But with all the wonderful humor, the younger Phillips says she was most impressed with two things: her mother’s compassion and her bravery. The compassion, she says, shone through especially when her mother met her readers. She remembers a young girl coming up at a speaking engagement and saying something quietly, at which point her mother embraced the girl, who wept on her shoulder.
“That is my favorite visual memory of my mom,” she said.
Dear Abby’s advice changed over the years. When she started writing the column, she has said, she was reluctant to advocate divorce.
“I always thought that marriage should be forever,” she explained. “I found out through my readers that sometimes the best thing they can do is part.”
But her bravery, her daughter says, was exemplified even more by her willingness to take on issues like abortion, AIDS, sexism and other hot topics. She caught some flack for writing about homosexuality.
“Whenever I say a kind word about gays, I hear from people, and some of them are damn mad,” she said. “People throw Leviticus, Deuteronomy and other parts of the Bible to me. It doesn’t bother me. I’ve always been compassionate toward gay people.”
Phillips didn’t always stop at answering letters; sometimes she called people directly.
“I’ll call them. I say, ‘This is Abby,” she said. “How are you feeling? You sounded awfully low.’ And they say, ‘You’re calling me?’ After they start talking, you can suggest that they get professional help.”
Her longtime editor, Alan McDermott of the Universal Uclick features syndicate, said he was struck by how she combined that compassion with an infectious sense of humor, and good spirits.
“I don’t think I ever, in all those years, saw her without a smile on her face,” said McDermott, who edited her column for some 20 years. The two would speak on the phone weekly, and he sometimes accompanied her on speaking engagements.
And even though Phillips was a good 30 years his senior, McDermott says, she was not above a little innocent flirting. One morning he called her hotel room, and she quipped, “I think you left you left your toothbrush here,” he remembers with a chuckle.
Pauline Esther Friedman, known as Popo, was born on Independence Day 1918 in Sioux City, Iowa, 17 minutes after her identical twin, Esther Pauline (Eppie). Their father was a well-off owner of a movie theater chain. Their mother took care of the home. Both were immigrants from Russia who had fled their native land in 1905 because of the persecution of Jews.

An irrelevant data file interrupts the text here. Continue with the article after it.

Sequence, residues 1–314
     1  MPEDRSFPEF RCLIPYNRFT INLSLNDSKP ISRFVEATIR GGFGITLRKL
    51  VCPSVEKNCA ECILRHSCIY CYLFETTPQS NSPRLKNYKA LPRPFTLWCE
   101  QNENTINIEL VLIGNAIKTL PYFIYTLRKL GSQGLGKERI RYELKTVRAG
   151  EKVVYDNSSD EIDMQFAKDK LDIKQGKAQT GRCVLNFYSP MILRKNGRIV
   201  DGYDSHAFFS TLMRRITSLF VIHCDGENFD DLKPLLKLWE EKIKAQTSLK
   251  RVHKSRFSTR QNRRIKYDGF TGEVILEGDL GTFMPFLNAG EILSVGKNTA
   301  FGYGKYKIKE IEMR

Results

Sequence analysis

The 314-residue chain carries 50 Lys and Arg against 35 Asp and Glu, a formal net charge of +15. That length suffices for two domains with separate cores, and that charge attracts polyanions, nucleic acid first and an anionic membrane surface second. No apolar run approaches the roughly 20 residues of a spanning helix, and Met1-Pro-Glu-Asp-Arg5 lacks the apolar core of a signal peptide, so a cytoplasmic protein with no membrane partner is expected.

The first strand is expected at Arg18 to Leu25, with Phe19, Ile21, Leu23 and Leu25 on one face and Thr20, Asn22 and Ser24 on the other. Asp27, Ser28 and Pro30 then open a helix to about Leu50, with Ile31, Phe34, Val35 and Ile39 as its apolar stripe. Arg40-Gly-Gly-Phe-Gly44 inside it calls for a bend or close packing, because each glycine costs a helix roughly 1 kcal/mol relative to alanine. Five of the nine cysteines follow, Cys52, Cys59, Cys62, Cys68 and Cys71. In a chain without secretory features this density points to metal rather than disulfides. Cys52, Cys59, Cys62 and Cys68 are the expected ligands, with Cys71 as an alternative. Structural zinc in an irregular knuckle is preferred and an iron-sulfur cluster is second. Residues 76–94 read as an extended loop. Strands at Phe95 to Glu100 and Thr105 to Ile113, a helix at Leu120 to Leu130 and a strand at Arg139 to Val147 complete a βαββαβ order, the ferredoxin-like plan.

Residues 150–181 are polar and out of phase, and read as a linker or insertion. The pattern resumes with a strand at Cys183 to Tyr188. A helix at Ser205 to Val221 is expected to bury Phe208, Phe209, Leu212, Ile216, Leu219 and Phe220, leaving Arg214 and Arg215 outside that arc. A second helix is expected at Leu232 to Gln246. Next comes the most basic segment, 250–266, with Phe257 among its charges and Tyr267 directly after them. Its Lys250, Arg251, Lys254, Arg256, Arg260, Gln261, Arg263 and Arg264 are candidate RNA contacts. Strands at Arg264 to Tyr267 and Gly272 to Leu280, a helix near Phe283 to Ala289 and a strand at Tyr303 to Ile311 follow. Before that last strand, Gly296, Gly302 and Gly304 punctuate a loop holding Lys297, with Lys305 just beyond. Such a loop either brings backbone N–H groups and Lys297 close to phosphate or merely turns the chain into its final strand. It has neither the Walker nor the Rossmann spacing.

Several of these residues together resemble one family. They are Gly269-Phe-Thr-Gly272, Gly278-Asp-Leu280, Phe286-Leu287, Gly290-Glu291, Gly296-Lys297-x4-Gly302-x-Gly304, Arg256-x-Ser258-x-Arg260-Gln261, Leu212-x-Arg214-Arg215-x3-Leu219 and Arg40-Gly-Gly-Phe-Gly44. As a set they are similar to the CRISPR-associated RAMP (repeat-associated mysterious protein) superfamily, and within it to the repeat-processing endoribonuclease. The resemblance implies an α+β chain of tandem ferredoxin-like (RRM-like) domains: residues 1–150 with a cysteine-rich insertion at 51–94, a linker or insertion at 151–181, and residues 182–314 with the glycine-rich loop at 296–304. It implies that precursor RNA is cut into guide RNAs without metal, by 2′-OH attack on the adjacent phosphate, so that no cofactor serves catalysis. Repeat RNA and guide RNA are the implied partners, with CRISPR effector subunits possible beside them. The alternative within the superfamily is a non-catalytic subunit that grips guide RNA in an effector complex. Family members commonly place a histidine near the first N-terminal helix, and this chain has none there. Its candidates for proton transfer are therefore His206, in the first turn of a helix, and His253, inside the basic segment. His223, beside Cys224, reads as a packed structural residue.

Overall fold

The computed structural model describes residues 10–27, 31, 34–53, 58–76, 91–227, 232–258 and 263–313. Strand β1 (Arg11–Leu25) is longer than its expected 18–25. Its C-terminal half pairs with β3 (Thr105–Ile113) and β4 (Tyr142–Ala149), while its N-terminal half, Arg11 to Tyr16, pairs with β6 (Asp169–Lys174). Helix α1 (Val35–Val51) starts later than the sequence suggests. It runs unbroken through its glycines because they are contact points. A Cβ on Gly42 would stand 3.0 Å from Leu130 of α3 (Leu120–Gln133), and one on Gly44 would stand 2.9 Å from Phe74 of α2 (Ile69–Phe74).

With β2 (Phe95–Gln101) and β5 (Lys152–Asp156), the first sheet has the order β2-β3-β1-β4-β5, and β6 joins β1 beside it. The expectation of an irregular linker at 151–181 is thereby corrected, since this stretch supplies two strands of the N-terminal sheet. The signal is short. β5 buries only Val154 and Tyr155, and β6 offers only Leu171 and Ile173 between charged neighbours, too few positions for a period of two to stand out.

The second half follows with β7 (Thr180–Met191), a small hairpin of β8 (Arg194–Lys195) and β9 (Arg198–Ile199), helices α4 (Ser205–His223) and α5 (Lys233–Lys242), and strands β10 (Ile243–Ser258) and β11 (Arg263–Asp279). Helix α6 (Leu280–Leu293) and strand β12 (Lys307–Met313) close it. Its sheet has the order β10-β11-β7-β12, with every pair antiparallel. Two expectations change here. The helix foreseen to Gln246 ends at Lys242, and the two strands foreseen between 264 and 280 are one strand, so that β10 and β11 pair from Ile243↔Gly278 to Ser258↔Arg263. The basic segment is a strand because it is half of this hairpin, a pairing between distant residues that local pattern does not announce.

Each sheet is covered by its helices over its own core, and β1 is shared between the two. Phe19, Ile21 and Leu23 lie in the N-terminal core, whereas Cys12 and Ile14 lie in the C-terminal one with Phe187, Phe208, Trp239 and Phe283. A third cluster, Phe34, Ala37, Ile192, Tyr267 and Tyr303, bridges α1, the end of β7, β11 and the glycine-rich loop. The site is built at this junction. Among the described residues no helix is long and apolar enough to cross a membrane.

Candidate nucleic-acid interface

Two days before their 21st birthday, the sisters had a double wedding. Pauline married Morton Phillips, a businessman, Esther married Jules Lederer, a business executive and later founder of Budget Rent-a-Car. The twins’ lives diverged as they followed their husbands to different cities.
The Phillipses lived in Minneapolis, Eau Claire, Wis., and San Francisco, and had a son and daughter, Edward Jay and Jeanne. Esther lived in Chicago, had a daughter, Margo, and in 1955 got her job writing the advice column. She adopted its existing name, Ann Landers.
Pauline, who had been working for philanthropies and the Democratic Party, followed her sister’s lead. She applied for the advice column without notifying her sister, and that reportedly resulted in bad feelings. For a long time they did not speak to each other, but their differences were eventually patched up. In 2001, the twins, then 83, attended the 90th birthday party in Omaha, Neb., of their sister Helen Brodkey.
The advice business extended to the second generation of the Friedmans. Not only did Jeanne Phillips take over “Dear Abby,” but Esther Lederer’s daughter, Margo Howard, wrote an advice column for the online magazine Slate.